The Hokitika creally is one of the best day hikes in the South Island of New Zealand!

How to get there: Turn east on Stafford Street which becomes Kaniere Road then into Kaniere- Kowhitirangi Road.  That road will turn sharply left then right.  Follow the road, left on Johnston Road, right onto Nielson Road and left on Whitecombe Valley Road.  There are signs to direct you.

A woman standing in the middle of a footbridge looking at beautiful waters.

3. Lake Matheson – Fox Township

Lake Matheson is one of the most photographed lakes in the South Island of New Zealand and is a peaceful slice of paradise with jaw-dropping views!

It is very well known for its mirror reflections of Mt Cook and Mt Tasman on the lake.  The foliage around the lake is very ‘west coast’ with ancient forest- dense tall rimu, kahikatea trees and large flax bushes.

Unlike many glacial lakes around New Zealand, Lake Matheson is not a bright blue colour.  Instead, the water is a dark brown colour because of organic matter leaching from the forest floor.  If you look close enough, you can sometimes find long-finned native eels swimming around.

There are many spots to stop and take in the views.  The short option is to the first jetty. It’s a 40-minute return walk on an assisted wheelchair-accessible path.  The longer option is to do the entire circuit which takes about an hour and a half to go all the way around.  This path though does take you to the iconic photo spot.  If you’re able, it is well worth the walk around and if you can do get out as early in the morning as possible or close to sunset, you’ll have a better chance of catching those beautiful reflections.

While in the area, be sure to check out the other wonderful Fox Glacier walks.

How to get there: At Fox Glacier, turn onto Cook Flat Road.  Follow the road for 5 km and then turn right to Lake Matheson.  Signs will be posted.

Glassy waters of Lake Matheson reflecting the trees, mountains, and cloudy skies.

4. Blue Pools – Makarora

Prepare yourself to see some of the most glorious, unbelievable water you may ever see!  It’s like the Hokitika Gorge and then some.  The walk to what they call the ‘blue pools’ leads you to some of the clearest and bluest water in the entire country. When the Makarora river is flowing right it is common to have calm water where you can see right down to the bottom despite it being quite deep.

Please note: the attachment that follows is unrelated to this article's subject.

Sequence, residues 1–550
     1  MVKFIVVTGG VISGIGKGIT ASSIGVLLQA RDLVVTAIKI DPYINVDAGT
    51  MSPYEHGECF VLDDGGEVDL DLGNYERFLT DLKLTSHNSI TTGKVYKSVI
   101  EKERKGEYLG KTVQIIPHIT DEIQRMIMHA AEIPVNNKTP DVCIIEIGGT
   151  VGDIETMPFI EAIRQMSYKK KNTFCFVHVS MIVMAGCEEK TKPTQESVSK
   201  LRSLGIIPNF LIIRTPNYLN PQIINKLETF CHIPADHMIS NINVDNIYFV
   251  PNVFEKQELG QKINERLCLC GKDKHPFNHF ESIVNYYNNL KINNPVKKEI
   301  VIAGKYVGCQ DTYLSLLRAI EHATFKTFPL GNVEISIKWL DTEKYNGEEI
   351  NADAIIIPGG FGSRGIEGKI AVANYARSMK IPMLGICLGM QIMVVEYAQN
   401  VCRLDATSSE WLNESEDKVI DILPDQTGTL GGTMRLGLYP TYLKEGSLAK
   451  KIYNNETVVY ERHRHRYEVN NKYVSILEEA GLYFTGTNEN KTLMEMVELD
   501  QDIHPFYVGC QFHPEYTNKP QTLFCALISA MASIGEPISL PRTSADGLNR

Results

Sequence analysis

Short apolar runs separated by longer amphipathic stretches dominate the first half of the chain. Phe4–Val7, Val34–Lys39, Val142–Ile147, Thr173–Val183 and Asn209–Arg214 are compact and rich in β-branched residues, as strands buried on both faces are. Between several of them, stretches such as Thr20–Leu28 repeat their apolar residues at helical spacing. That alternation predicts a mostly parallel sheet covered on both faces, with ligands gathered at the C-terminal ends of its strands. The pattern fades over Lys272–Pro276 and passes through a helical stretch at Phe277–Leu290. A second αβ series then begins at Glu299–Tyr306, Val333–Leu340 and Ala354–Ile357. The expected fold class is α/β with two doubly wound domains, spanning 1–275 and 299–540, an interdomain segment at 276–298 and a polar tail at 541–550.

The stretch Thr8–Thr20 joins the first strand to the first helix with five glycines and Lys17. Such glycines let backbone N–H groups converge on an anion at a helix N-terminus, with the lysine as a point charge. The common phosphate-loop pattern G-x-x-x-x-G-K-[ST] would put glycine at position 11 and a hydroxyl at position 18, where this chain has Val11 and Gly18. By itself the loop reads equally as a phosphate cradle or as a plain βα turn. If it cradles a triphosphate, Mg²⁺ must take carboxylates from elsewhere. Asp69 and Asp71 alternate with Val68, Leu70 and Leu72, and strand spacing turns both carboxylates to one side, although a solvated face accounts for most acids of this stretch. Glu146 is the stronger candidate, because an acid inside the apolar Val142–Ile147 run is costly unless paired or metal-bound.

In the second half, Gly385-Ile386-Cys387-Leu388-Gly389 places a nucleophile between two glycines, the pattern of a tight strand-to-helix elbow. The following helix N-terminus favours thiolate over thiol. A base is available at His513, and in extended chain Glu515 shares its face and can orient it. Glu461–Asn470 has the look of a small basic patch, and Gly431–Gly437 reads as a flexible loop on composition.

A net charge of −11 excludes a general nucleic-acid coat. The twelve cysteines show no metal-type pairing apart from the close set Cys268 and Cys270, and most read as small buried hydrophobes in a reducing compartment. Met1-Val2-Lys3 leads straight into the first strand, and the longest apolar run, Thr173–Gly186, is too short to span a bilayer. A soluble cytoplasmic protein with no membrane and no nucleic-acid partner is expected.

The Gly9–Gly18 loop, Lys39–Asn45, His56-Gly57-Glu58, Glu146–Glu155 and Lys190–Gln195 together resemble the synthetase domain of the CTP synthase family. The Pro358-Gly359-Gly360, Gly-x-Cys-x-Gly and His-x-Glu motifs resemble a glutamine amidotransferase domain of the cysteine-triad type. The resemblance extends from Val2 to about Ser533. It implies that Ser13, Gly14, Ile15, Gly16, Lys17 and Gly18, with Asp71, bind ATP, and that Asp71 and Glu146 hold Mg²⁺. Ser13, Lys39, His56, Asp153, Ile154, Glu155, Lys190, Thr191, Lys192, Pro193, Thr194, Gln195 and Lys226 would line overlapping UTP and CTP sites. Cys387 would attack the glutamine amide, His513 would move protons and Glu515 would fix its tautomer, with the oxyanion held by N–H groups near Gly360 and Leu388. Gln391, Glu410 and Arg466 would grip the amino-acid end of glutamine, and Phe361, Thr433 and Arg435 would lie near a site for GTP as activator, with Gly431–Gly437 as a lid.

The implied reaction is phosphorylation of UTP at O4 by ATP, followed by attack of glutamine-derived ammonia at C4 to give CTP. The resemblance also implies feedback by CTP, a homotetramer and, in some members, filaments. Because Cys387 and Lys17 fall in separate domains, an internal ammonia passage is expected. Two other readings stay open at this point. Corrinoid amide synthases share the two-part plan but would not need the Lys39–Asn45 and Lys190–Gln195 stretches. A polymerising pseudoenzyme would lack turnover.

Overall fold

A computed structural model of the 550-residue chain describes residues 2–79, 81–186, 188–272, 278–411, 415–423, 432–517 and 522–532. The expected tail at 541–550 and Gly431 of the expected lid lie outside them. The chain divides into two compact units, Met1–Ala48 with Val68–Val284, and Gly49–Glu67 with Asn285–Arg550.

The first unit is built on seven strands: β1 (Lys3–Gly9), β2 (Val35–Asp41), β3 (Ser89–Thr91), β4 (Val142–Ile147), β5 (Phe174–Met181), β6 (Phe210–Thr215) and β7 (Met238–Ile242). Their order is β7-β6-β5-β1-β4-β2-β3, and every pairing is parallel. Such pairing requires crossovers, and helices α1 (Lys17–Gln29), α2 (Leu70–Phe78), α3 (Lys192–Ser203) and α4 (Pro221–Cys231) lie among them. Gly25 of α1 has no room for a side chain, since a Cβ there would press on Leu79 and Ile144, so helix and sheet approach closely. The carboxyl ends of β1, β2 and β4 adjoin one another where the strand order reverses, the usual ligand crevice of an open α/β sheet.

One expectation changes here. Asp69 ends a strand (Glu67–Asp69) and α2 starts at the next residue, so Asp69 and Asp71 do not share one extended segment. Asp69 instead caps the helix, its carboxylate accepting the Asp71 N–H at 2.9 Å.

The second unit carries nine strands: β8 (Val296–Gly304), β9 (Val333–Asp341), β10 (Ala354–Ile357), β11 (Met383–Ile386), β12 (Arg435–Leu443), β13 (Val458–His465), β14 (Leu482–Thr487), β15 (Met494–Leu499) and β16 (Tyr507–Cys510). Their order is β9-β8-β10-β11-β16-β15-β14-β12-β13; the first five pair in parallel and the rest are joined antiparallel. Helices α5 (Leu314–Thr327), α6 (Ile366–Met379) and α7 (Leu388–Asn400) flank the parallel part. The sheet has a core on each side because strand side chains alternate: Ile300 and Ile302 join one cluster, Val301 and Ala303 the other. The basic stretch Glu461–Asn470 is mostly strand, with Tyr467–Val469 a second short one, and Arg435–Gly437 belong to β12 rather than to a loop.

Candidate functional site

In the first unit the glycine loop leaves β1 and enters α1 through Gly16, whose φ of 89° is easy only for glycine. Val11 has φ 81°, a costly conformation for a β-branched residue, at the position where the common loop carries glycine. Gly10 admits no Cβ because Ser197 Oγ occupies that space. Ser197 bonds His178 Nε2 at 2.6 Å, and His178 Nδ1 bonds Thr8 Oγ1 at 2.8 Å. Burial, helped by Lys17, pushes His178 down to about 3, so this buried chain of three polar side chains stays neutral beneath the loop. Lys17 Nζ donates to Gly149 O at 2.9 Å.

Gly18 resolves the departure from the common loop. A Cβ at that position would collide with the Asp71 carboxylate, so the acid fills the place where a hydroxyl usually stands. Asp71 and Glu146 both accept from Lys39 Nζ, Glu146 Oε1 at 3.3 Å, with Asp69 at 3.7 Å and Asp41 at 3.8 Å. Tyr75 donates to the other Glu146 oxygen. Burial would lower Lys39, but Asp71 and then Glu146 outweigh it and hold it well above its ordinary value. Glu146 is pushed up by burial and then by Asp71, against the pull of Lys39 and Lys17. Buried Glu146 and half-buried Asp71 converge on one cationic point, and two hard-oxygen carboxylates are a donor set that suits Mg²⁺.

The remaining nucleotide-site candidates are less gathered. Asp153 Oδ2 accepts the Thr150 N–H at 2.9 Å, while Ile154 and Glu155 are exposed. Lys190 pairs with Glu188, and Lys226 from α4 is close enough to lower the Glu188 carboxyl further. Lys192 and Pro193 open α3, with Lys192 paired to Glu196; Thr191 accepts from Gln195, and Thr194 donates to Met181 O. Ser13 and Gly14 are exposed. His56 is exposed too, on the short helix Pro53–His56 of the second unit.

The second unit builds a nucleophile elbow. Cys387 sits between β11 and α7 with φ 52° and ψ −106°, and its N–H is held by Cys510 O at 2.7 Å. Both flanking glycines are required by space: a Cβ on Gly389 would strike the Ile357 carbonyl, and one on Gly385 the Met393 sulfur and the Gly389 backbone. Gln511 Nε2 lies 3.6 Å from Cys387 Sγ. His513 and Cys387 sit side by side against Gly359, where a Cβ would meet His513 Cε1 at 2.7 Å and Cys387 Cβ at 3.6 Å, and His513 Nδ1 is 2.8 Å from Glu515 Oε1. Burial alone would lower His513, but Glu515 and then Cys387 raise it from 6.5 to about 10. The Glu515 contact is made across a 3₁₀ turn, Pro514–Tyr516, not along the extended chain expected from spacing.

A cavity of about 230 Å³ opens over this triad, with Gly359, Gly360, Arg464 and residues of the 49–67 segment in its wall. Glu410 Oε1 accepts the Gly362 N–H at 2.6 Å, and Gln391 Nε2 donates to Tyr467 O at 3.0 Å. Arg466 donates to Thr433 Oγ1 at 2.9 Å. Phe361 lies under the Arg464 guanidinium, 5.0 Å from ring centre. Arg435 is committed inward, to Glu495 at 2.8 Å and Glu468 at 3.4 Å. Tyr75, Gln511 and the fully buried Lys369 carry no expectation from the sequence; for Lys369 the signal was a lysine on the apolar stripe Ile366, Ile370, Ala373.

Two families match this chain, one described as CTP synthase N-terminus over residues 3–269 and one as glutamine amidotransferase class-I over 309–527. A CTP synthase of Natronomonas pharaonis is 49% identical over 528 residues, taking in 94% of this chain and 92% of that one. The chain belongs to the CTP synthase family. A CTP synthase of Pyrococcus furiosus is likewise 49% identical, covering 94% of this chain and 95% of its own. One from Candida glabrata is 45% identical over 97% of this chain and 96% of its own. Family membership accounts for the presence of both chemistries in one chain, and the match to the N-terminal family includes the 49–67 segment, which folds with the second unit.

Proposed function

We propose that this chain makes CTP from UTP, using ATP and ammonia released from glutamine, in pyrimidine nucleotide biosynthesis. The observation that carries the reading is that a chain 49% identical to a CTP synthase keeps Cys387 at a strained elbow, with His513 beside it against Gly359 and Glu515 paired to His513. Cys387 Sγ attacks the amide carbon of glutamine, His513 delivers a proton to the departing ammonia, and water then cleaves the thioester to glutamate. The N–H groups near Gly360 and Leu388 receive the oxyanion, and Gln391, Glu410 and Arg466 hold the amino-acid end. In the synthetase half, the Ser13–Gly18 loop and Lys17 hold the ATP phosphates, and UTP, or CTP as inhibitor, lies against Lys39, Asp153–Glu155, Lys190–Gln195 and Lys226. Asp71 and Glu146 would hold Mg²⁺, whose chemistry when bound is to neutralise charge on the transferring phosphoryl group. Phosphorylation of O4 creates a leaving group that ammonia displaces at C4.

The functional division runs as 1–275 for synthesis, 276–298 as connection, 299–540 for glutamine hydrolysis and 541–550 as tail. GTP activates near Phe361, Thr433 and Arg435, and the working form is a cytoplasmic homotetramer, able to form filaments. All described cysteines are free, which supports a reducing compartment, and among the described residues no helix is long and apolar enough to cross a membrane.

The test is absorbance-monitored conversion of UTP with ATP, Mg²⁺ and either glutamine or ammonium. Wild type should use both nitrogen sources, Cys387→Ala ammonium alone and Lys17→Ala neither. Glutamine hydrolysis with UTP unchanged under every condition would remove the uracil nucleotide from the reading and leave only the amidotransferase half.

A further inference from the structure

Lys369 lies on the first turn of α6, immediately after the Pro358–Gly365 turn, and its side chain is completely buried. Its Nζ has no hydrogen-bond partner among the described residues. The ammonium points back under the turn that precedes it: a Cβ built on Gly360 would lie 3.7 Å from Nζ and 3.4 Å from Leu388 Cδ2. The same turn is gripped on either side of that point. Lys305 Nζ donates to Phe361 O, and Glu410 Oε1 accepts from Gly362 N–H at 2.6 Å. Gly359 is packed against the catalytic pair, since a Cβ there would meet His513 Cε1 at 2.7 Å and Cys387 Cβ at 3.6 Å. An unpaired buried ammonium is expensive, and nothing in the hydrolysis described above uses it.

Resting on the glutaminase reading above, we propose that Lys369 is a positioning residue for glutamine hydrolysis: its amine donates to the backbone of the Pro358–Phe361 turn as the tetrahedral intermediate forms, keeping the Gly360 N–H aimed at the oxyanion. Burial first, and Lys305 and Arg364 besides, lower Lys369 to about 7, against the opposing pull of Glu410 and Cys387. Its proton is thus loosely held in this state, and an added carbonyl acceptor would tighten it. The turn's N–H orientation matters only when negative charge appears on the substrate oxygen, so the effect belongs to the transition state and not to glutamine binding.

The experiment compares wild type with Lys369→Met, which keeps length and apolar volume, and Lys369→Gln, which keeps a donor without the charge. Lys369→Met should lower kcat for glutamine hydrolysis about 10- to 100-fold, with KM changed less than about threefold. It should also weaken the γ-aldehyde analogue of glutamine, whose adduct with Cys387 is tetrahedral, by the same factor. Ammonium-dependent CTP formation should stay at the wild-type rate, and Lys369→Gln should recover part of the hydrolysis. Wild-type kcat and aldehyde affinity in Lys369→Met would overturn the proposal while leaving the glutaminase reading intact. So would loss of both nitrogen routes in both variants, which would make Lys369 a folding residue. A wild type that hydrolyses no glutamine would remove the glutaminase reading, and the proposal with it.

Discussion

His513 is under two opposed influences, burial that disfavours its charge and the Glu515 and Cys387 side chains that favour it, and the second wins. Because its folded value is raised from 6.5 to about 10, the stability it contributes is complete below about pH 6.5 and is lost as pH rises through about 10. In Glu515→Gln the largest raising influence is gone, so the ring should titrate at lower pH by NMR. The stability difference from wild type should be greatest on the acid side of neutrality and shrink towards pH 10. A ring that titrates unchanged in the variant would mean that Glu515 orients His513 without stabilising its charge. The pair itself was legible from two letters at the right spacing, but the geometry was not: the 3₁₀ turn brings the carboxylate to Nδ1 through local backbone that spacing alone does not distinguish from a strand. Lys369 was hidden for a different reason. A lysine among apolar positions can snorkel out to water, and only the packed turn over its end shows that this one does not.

The blue pools track is an hour return walk through native beech forest to a couple of swing bridges, one of which is directly above the infamous pools.  The path is well-formed and easy to walk.  You won’t want to forget your bug spray though as they are always out in full force but 150% worth the annoyance.

There isn’t a lot of parking space so be very cautious when pulling over and finding a spot to park as the walk starts right on the side of the highway.  There are signs prompting you that the blue pools walk is coming up and with all the activity it would be hard to miss.

How to get there: The walk is located off the Haast Highway (SH6). 1 hour north of Wanaka and 1 hour south of Haast.  Whilst you’re in the area, we suggest checking out these amazing Wānaka hikes too!

Blue waters of Blue Pools surrounded by steep rocks within the forest.

5. Tasman Glacier – Aoraki/Mt Cook

One of my favourite short walks in Mt Cook and throughout New Zealand that I have ever done is the Tasman Glacier walk.  There are two walks you can do to see the glacier and the lake.  The main one is about a 15-minute walk, up stairs and gives you expansive views of Tasman Lake and the Tasman glacier. 

It took my brain a few minutes to comprehend the sheer size of everything, then another few after remembering that the glacier should be even larger.  Sadly, due to climate change, it has receded quite a bit in the last few decades.

The other walkway goes down to the river and you have a view from below rather than up above. The floating icebergs are in better view from this spot and you get a good size of the scale of them. 

 If you’re up for it, do both!  It’s absolutely beautiful and such a cool part of New Zealand’s landscape to see! There are available accommodations in Mt Cook, so you can easily find a place to stay and make the most of your visit.

How to get there: Head towards Mt Cook Village from SH8.  Turn off onto Tasman Valley Road and follow the road for 7km to the car park.

A snow-covered mountain with a calm Tasman Lake below it.

With so many incredible short hikes available in the South Island of New Zealand, remarkable scenery is accessible to all travellers.

We really encourage you to plan plenty of time in your itinerary; that way you’ll be able to enjoy this amazing day walks at a leisurely pace.

Keen to remember the best day hikes in the South Island of New Zealand? Pin this post!

Photo credit: Tourism New Zealand.

Guest post by Lauren Korstrom.